Indonesian authorities say the Merapi volcano had nothing to do with Thursday’s Qantas A380 engine emergency. But ash clouds from Indonesia and elsewhere have been a hazard to aviation before.
One of the four engines on a Qantas A380 – the largest passenger jet in the sky – caught fire and had to be shut down shortly after takeoff from Singapore on a scheduled flight to Sydney, leading Qantas to ground its fleet of A380s until it gets to the bottom of what happened.
With Indonesia’s Mt. Merapi volcano going through its most serious set of eruptions since the 19th century, it’s natural to wonder if the ash it’s pumping into Southeast Asia’s skies contributed the Australian plane’s engine trouble. For now, Indonesian officials say that’s unlikely, and Qantas has refused to speculate on what happened to the Rolls-Royce engine until a full investigation is carried out.
Last April, an Iceland volcano erupted for weeks, disrupting air traffic across Europe and briefly leading to the shutdown of every airport in the UK, about 800 miles away.
The recent incident appeared to happen over the Indonesian island of Batam, just south of Singapore, which is about 600 miles away from Merapi and only 300 miles from Anak Krakatau.
Indonesian television showed pieces of aircraft debris being held up by Batam residents and reported that it fell from the Airbus. Qantas said it appeared the cowling (a protective cover around the engine) had come off mid flight and passengers told reporters after the plane returned to Singapore that they hear a loud “bang” around that time.
No flights near Singapore have been effected by Merapi’s eruption to this point, and a spokesman for Indonesia’s transport ministry insisted that Merapi was unrelated to Qantas’ problems.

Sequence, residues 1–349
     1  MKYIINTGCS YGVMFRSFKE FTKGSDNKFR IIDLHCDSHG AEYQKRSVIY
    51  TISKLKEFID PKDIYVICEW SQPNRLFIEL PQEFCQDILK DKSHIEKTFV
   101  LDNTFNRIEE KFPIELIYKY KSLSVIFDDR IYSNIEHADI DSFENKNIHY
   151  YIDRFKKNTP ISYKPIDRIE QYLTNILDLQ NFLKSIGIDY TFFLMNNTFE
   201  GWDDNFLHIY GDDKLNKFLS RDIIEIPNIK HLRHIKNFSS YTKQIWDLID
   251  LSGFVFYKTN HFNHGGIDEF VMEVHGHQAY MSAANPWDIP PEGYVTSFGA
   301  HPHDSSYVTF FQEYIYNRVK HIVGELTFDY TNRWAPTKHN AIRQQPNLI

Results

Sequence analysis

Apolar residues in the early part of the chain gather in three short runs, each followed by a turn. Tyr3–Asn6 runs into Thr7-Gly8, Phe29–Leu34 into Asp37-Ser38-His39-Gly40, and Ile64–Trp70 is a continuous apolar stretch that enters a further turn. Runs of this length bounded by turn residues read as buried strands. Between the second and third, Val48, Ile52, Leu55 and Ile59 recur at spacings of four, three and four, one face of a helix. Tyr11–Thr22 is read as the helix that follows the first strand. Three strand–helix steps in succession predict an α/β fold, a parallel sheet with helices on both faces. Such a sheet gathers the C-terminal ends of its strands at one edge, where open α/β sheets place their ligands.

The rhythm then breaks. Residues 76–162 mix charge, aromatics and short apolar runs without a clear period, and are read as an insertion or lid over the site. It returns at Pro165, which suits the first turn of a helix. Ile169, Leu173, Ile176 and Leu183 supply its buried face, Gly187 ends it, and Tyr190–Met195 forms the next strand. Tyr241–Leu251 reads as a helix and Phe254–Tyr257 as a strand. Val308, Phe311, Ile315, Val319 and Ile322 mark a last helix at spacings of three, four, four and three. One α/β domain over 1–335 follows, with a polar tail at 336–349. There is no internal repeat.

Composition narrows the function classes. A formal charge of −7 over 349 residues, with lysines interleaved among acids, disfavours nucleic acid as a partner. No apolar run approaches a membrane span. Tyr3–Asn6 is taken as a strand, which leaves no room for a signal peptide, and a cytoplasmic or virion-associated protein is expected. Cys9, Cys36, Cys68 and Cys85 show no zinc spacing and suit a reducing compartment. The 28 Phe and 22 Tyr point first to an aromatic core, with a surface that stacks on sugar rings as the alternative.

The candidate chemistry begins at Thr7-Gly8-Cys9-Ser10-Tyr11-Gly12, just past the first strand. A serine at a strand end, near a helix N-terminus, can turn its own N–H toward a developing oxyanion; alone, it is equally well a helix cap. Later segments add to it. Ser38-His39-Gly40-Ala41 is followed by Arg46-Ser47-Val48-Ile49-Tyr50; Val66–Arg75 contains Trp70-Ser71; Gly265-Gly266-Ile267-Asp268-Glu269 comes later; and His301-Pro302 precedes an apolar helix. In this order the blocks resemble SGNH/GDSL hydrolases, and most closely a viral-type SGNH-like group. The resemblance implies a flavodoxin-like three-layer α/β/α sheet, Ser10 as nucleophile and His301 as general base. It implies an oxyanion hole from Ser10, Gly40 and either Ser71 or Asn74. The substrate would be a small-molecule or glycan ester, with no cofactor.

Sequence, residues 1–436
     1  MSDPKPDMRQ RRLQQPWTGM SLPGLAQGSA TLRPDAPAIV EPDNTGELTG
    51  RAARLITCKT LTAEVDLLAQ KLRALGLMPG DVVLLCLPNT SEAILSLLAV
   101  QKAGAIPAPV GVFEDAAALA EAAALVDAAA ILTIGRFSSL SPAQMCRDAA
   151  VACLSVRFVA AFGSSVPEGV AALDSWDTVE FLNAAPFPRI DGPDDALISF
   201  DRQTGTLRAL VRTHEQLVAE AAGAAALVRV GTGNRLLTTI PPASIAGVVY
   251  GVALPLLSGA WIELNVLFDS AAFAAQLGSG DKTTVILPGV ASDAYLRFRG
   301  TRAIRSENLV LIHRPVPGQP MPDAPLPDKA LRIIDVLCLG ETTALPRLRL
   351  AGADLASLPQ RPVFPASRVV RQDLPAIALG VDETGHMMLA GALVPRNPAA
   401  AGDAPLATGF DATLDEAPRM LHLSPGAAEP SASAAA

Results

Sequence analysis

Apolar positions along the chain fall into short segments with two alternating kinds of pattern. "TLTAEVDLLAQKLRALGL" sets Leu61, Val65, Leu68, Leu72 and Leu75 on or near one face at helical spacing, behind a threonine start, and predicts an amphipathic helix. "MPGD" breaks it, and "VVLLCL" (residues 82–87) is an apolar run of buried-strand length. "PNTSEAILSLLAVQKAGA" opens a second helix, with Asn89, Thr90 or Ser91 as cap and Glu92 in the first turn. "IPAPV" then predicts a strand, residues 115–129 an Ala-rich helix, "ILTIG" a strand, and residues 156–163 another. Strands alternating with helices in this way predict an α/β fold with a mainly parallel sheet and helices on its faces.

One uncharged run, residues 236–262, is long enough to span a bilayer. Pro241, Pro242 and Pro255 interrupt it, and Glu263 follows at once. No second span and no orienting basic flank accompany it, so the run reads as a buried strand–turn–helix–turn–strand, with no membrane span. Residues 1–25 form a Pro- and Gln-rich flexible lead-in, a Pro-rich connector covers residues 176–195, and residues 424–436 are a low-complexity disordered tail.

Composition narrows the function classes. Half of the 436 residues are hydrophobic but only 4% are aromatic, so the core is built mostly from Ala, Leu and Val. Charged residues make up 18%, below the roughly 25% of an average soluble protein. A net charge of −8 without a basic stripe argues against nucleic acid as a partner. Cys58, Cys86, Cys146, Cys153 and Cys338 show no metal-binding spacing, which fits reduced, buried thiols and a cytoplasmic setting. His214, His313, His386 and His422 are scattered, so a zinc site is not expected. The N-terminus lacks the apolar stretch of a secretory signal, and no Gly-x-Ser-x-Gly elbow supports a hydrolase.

“The shutdown of the Qantas engine had no connection with Mount Merapi,” spokesman Bambang Ervan told the Canadian Press. “It was too far from the volcano — the sky over Singapore and Sumatra island is free of dust.”
Indonesian geologists are now saying the Merapi eruption is its worst in more than 100 years, and that it’s spewed ash as far as two miles into the air, which could pose a danger to more local aviation.
In 1983, the eruption of Indonesia’s Mt. Galunggung volcano in West Java – much closer to Singapore – nearly caused two air disasters.
In June of that year, a British Airways jet’s engines caught fire after flying into debris from that eruption, though the pilots managed to shut them down, glide out of the ash cloud, and restore power before they crashed. A Singapore Air flight experienced a similar problem in the same area a month later.
Those two incidents led to greater scrutiny of the dangers of volcanoes to air travel and industry reviews to tighten standards.
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